A Pelvic Health Weekend with Lila Abbate

By Amy Stein, DPT

This week, I assisted Lila Abbate at Touro College in New York in a Bowel Course through Herman and Wallace. The BBPT pelvic floor experts–Stephanie Stamas, Corey SIlbert and Melissa Stendhal–also attended, along with over 40 others from the U.S. and Canada.

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It’s exciting how the world of pelvic floor PT is advancing.  When I started only Holly Herman and Kathe Wallace were teaching separate classes and only one time per year.  Now there are over 100 classes taught between APTA Women’s Health and Herman and Wallace.

Lila discusses differentiating from bowel motility issues and pelvic floor muscle dysfunction. The biggest take-home messages are:

– none of the tests for PFMD replace palpation and findings with your expert finger
– the bowel is a slow learner and does not like change
– there’s a big link between the bowel and the nervous system.
-medications can effect bowel habits and the patient may have to adjust their lifestyle
– positioning on the toilet can help with the anorectal angle
– abdominal bracing can help
-the diaphragm assists with urination and defecation
-pelvic floor muscles are passive with defecation and abdominal muscles are active
– you need to set responsible expectations

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Even two years after a surgery or traumatic injury, bowels are still sensitive. Take a good history and do a bowel diary to help with your differential diagnosis.  Is the patient drinking enough water, drinking too much coffee, too much alcohol and dehydrating their system? Are they eating too much fiber or taking too many laxatives? Do they have constipation or bowel leakage because of this?  Do they need to bulk their stool vs. add more water and soluble or insoluble fiber? Almost all patients who have had a bowel surgery have difficulty with dairy and fatty foods, so eliminating this from their diet can help. Doing an p to two yeelimination diet can help. Lila also discussed how you can have the patient eat corn and see how long it takes to pass as a precursor to the Sitz marker test.

Bowel issues can arise uI highly recommend this class and all of the Herman and Wallace and APTA Women’s Health classes to advance your learning in pelvic health. Also, for more information on nutrition for PTs, Jessica Drummond teaches and has a certification for PTs and nutrition.

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Know Your Nodes, Part I

By Riva Preil

Can you believe that Labor Day has come and gone?  Yes, dear readers, summer is officially over.  But boy, was it an amazing and memorable summer!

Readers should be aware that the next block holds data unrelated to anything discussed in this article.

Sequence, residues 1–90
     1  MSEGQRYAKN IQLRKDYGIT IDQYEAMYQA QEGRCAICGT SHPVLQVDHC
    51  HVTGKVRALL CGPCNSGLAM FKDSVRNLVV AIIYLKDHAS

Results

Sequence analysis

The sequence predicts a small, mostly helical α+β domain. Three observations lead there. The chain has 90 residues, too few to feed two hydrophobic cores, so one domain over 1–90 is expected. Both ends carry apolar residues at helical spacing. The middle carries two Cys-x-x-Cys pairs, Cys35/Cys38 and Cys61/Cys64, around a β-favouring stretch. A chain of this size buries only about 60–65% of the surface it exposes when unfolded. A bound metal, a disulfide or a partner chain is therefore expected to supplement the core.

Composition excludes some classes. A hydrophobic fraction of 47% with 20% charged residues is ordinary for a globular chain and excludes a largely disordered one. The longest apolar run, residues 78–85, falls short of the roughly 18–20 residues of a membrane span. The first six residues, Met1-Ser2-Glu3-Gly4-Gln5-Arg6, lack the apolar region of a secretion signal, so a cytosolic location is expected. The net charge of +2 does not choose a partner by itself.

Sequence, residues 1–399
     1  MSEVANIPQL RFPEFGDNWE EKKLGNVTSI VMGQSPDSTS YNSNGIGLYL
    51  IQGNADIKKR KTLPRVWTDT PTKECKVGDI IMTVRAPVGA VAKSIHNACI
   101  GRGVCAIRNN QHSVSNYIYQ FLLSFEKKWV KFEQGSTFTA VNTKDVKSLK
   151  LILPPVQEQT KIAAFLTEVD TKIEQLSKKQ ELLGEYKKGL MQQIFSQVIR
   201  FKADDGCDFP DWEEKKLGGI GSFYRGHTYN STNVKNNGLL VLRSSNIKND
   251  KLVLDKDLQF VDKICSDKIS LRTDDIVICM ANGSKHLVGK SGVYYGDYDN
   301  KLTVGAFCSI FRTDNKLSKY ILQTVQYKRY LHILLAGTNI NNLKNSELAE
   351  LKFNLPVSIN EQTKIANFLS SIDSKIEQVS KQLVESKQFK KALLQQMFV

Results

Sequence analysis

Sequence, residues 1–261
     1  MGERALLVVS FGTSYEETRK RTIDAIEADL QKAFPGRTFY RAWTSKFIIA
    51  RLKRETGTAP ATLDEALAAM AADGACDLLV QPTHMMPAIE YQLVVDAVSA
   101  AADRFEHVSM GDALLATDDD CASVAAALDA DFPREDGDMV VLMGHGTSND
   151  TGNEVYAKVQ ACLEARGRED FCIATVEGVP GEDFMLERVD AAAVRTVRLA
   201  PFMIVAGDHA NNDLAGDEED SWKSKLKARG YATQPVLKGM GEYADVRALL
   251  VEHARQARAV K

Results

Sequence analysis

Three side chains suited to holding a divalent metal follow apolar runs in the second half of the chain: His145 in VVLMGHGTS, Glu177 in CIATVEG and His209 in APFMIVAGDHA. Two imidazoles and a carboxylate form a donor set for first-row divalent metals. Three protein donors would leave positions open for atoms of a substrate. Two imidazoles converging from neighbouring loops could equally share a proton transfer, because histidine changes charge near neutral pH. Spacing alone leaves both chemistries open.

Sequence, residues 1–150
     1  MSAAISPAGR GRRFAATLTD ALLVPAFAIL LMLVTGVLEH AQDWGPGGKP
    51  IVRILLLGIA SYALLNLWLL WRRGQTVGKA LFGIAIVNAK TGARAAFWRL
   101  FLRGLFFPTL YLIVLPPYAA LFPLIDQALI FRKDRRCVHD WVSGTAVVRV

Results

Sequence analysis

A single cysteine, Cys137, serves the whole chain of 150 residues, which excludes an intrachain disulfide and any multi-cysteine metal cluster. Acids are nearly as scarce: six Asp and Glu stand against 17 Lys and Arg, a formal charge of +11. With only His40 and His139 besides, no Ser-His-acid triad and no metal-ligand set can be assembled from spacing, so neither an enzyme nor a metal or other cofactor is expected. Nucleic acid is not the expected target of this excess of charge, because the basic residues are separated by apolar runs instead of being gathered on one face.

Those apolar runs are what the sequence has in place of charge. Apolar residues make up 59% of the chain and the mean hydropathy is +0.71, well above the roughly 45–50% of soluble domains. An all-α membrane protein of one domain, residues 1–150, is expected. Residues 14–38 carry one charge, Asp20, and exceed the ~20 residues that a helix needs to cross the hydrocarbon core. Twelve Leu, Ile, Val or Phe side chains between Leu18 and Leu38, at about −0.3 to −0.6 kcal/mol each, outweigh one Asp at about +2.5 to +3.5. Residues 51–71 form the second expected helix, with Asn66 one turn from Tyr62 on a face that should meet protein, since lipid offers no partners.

Believe it or not, when asked about the highlight of my summer, I unequivocally and enthusiastically respond that it was my lymphedema certification course.  (#PTnerd.  And darn proud of it too).  Fortunately, I had the wonderful opportunity to return to class this summer and learn some pretty incredible, stimulating, and practical material. Touro College, right here in New York City, hosted a course taught by The Academy of Lymphatics, one of the highly recognized training centers in the world of lymphedema.  The course was an intensive nine day class which was three classes condensed into one.  In addition, each participant was required to complete seven modules which included extensive textbook reading. Each module contained a written online examination which we were required to complete prior to attending the class. I found this approach extremely beneficial, because it allowed me to begin with a strong foundation.

The course itself was fascinating!  The instructor, Marina Maduro, and her assistant, Kirat Shah, are excellent educators who were clearly well versed in the material and who explained difficult concepts well. I would be one to know; let’s just say I am not shy when it comes to asking questions, and I challenged them on many a concept that they clarified and explained clearly.

You are probably wondering, okay Riva, so what did you ACTUALLY learn, in a nutshell, in this course?  Let’s start off by first discussing the lymphatic system itself.  I like to call the lymphatic system “the secondary circulatory system.”  It is an OPEN system without a central pump. The primary circulatory system, which consists of the heart, blood vessels (arteries, veins, and capillaries), are responsible for transporting fluids, nutrients, gases, and waste products throughout the body.  It is a CLOSED system with a pump (the heart)…

To learn more, stay tuned for my next post!